It has certainly been a while since I had the ability to sit down and put together my thoughts on the much debated and at times frustrating sector that is Indigenous employment, engagement and socioeconomic advancement.
Now, as a non-Indigenous person I don’t attempt to possess all the answers or know how we as a society fix these on-going issues? I am only attempting to raise awareness of what we are doing isn’t working and we MUST change tact!
As most of my closest colleagues know, I grew up in the early 80’s on the small Aboriginal community of Wurrumiyanga (Nguiu) on Bathurst Island, north of Darwin. I think there is still a picture floating around somewhere of me, aged around 4 years old dressed up on Tiwi Grand final day, as the Tapalinga mascot? The local Tiwi Island AFL team my farther played with.
Growing up on the Tiwi Islands, I consider myself extremely privileged to have been embraced by members of this traditional owner group. Through the understanding of their culture and lifelong connection with the people and the land, I possess a strong commitment to the empowerment of the Indigenous people of Australia incorporating socioeconomic advancement.
Now, thanks to the highly successful Australian Government Indigenous Procurement Policy (IPP) there is a real focus from the business community for the engagement of Indigenous business within the procurement process; However the question I am constantly asking the business community is, what really makes up an Indigenous Business or for that matter, a meaningful partnership with an Indigenous business?
What it means to me quite simply, is a long term and meaningful connection with the Indigenous business community, traditional owners of the land and a real focus on changing the communities in which you work and the lives of those you employ.
One such Indigenous engagement model that I have had the pleasure in implementing, was a highly successful employment and workforce development program that not only provided capacity around Indigenous employment (around 20 – 30% of the total workforce) but built socioeconomic advancement through the establishment of an 100% Indigenous owned Labour hire company that provided approx 750 Aboriginal employees with employment.
Late last year I had the absolute pleasure of exploring this very journey with a senior and exceptionally strategic human resource manager of a major civil contractor in Brisbane. It’s a discussion I could happily have 100 times over and one I thoroughly enjoyed, as it provided meaningful direction to the organisations core values regarding Aboriginal engagement and the use of workforce development strategies together with Labour hire options.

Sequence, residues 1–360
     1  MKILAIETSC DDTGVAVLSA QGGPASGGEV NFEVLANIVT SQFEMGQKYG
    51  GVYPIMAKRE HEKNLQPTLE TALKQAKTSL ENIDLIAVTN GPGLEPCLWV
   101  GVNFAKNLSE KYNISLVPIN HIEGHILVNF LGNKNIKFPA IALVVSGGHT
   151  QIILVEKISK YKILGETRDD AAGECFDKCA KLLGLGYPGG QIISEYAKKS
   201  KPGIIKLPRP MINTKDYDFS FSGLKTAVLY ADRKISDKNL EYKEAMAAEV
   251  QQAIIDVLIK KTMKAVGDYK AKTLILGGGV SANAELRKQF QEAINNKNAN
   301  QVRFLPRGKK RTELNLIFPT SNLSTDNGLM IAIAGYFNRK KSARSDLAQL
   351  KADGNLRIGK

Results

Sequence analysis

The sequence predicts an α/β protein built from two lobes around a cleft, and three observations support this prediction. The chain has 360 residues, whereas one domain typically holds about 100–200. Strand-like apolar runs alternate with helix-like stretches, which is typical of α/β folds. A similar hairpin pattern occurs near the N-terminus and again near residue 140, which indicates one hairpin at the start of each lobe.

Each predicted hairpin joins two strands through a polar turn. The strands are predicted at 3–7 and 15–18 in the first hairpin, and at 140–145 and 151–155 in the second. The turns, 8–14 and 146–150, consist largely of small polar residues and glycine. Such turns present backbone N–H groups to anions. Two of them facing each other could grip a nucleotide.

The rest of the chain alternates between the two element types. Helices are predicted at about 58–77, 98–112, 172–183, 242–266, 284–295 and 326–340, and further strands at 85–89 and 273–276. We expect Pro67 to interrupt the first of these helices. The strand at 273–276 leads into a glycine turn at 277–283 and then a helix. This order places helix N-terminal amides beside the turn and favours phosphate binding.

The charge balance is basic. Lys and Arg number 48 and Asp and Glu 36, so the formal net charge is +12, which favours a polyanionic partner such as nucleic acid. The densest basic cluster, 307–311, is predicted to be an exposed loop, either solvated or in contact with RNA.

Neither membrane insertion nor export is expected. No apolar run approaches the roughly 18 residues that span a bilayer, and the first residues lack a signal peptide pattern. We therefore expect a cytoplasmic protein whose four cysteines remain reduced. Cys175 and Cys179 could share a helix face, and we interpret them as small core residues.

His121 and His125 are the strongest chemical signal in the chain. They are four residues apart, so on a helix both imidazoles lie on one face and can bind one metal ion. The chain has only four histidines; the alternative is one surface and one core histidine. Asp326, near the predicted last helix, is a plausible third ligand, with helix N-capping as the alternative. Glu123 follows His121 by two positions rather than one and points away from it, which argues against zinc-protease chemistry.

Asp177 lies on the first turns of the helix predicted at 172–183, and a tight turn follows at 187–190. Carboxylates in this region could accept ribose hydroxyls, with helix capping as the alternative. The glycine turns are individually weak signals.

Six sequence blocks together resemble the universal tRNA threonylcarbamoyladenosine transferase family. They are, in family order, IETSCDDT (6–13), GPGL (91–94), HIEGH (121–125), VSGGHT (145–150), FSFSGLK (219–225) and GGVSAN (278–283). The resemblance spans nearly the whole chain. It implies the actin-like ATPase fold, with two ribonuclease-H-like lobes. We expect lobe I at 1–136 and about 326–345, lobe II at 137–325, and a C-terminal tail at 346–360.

This discussion was not only from a place of passion and dedication but a strategic, long term direction, based on a holistic approach to workforce development. During which we explored how by integrating culturally rich learning and development practices into their operations, they can significantly increase engagement and Indigenous employment numbers through a labour hire model whilst developing socioeconomic advancement.
Engagement with traditional owners. Yes, it is a long term concept and yes it takes commitment. But, if done correctly, the commercially driven ROI is huge. Not to mention the ‘Employer of choice’ and diversity benefits to an organisation.
The real long term benefit of this concept to an organisation willing to develop these strategies, is that you are locally engaged with those who possess a deep understanding of the project area. Another added benefit, and sometimes hidden benefit, is that you minimise lengthy delays in cultural heritage / Native title issues. All the while being provided with a local workforce; a workforce that is ‘Indigenous’ to the project area and who are 100% invested in the project.
Yes, I agree, for any project to be achieved on time and under budget we have deliverables that are commercially driven. However, I do also firmly believe that the key to long term success in the procurement of viable and cost effective projects, are sound and effective Indigenous Engagement strategies.
I have worked with and been a part of some really great organisations that have seen the real economic and moral benefit of these strategies in play and I must say, there is currently a lot of good work being done within my networks nationally to increase Indigenous across the business community!
In conclusion, as this area is a real passion of mine (if you hadn’t already picked up on it!), I naturally see the benefits for any organisation willing to invest. However, my challenge together with those that advocate for increased Indigenous engagement, is to keep educating the market in the long term benefits and ROI!!
Only through education can you keep learning and adapting!